So the foraged food subject of this blog is River Cherries the common name used by many a local up here to describe a member of what I would refer to as a lilly pilly, I spotted their bulging red fleshed bodies hanging from a tree on the edge of the golf course on our way to pick more Tamarind down the road so after picking tamarind we stopped to check them out I figured they were some sort of Syzygium sp. aka lilly pilly my friend Mick after a long think told me they called them river cherries which I thought was a nice name even though they taste nothing like cherries well maybe those smaller tart Kentish cherries, they are very juicy and eye poppingly tart but refreshing and instantly I thought mmmmmm jam, I love jams made from tart or sour fruits so we picked a basket full of fruit trying to not get hit by passing golf balls and fighting of the green ant that were not happy with us we headed home myself knowing I had a lot of work in front of me. I had a huge basket of tamarind to process which I will do a separate blog and update on and a good sized basket of river cherries they have one seed and I had to sit and pit each one individually it was a bit like doing Laurels another of my favorite jams, it took me a good hour or so with a knife to do about two kilograms of fruit which ended up as about one kilograms of flesh I added a small amount of water and just boiled and added sugar as in any other jam recipe I got three bright pink sweetly tart jars of jam it is wonderful and I cant wait to pick more to make enough to give each of the aunties a jar.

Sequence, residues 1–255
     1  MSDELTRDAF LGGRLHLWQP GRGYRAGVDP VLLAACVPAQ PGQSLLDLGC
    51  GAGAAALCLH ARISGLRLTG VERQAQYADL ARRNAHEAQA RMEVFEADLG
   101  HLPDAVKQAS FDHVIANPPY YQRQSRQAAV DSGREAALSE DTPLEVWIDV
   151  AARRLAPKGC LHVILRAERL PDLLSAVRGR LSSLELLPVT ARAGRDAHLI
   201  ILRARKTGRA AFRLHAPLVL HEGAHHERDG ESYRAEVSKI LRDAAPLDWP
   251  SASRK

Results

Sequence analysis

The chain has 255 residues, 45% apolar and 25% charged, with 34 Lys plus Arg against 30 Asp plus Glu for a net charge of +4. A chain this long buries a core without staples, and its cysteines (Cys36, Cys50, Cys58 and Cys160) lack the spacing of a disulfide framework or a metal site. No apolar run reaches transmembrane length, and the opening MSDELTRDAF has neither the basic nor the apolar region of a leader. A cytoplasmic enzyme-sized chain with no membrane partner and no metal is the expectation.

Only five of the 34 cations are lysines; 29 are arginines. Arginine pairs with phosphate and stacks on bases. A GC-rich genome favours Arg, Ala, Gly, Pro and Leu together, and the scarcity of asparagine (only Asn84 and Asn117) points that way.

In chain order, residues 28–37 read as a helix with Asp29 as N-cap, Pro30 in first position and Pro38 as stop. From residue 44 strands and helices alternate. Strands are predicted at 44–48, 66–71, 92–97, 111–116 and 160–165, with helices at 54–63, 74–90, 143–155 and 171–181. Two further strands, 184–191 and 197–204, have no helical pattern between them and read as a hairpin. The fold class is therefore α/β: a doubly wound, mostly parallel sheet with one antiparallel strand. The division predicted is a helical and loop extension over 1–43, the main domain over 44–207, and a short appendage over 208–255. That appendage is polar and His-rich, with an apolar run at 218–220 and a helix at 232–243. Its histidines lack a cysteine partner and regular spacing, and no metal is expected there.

I’m also mobile again now so I will be blogging more about all the goodies I find happy days 🙂